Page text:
Adlershof’s History: From Aviation Pioneers and Moving Image to the "City of Science, Technology and Media."
1909-1912 Germany’s first airfield for powered flight
An International Aviation Week inaugurated the Johannisthal airfield (today: Johannisthal/Adlershof), located outside the gates of Berlin. Hans Grade won the ‘Lanz-Preis der Lüfte’ for his monoplane, and the first successful German motor-driven flight. Johannisthal quickly developed into a centre for the German aircraft industry.
On 13th September 1911, her 25th birthday, Amelie Hedwig (Melli) Boutard-Beese was the first German woman to receive a pilot’s licence.
In April 1912 Graf Zeppelin initiates the founding of a German Research Institute for Aviation, DVL sited at Adlershof.
1914-1919: Growth in the First World War
Throughout the First World War, aircraft manufacture increased in Johannisthal. The largest manufacturer was ‘Albatros-Werke’, followed by ‘Rumpler’ and ‘LVG’. The site quickly became Germany’s most important centre for air armament. Almost every third military airplane was manufactured by the companies based in Johannisthal between 1914 and 1918.
1919-1933: Demise and new beginnings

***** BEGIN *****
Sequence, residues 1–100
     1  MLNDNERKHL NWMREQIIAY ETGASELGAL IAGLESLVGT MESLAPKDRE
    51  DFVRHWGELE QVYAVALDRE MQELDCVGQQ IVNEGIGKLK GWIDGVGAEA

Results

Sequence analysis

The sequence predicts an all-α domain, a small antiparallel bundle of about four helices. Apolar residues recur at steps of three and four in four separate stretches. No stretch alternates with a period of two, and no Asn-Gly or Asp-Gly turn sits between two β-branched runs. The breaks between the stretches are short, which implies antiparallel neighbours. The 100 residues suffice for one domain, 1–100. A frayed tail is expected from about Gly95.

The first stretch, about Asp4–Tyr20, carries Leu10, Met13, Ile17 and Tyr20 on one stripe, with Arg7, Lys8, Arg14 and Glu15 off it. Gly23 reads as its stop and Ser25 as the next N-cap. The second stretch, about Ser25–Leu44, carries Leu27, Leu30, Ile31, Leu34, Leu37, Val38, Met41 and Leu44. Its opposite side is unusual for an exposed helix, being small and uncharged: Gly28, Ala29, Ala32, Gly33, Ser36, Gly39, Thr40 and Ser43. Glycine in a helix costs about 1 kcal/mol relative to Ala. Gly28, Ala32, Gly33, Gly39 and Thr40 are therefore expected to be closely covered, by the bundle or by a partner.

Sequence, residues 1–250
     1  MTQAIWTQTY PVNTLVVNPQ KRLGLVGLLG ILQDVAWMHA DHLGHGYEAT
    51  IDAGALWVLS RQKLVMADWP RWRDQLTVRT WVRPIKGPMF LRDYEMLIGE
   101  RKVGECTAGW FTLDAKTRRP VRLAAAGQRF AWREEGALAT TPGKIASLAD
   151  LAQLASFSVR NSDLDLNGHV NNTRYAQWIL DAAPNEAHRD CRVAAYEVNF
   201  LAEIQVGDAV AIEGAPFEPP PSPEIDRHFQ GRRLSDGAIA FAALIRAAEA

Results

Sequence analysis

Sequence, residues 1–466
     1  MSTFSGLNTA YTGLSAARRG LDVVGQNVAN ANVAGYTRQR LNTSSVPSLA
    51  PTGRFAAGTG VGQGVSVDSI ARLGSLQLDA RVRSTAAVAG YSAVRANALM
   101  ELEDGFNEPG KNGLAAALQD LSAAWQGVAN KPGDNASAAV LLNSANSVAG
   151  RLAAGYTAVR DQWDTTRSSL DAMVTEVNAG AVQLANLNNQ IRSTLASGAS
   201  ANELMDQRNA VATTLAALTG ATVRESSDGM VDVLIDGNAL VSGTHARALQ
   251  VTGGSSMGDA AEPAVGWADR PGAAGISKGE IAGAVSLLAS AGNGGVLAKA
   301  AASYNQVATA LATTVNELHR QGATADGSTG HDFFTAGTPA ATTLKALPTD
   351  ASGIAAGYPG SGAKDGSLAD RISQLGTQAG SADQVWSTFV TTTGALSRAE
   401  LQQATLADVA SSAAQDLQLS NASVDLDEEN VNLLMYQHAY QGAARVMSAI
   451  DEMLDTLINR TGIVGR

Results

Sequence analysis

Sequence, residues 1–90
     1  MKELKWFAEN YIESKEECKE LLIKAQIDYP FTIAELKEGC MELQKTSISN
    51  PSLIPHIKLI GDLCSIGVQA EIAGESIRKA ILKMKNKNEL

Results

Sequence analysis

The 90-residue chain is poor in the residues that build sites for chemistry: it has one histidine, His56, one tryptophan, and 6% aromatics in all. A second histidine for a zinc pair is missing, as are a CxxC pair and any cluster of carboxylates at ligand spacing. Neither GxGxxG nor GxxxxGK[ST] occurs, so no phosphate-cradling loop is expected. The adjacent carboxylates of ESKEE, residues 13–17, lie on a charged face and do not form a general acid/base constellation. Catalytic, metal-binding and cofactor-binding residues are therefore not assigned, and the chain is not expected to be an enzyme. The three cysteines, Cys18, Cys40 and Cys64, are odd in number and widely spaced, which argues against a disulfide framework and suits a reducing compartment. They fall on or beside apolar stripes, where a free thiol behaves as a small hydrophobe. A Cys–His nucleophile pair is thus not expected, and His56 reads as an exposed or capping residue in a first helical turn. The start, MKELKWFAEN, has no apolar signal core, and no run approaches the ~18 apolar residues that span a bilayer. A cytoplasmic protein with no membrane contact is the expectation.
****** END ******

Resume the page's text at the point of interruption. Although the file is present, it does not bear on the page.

In February 1919, the first passenger flight, destined for Weimar, took off from Johannisthal. Soon after, aviation research ceased under the weight of the conditions imposed by the Versailles Treaty. Research activity was not resumed until 1922, but even then was still subject to constrictions.
In the following years, until 1933, the site became an increasingly significant location for motion picture production. And in 1929, the first model of BMW’s legendary ‘Dixi’ car was produced at the site.
1933-1996: Development of Centre for Aviation Research
The National Socialist regime facilitated the development of a Centre for Aviation Research at Adlershof. A major wind tunnel was put into operation in 1934, and was one of the most advanced high-speed wind tunnels in the world. A supersonic wind tunnel was developed in 1936, the first of its kind.
1939-1945: Wartime economy
At the beginning of the Second World War, the DVL’s testing facilities were operating at maximum capacity. In 1944, it employed more than 2,100 people. Research and development staff for major companies such as ‘Junkers’, ‘Heinkel’, ‘Henschel’ and ‘Messerschmitt’ were based at Adlershof. Research extended to aerodynamics, on-board and navigation devices, earth and astro navigation, aircraft stability, gas dynamics, aeromedicine, aerial photography, measurement and control technology, thermodynamics, and engineering.
One of Berlin’s largest forced labour camps was in close proximity to DVL and the Johannisthal airfield. Prisoners of war and concentration camp detainees were involved in the building of shelters and the production of rocket parts, aircraft and airplane motors.
1945: The end of an era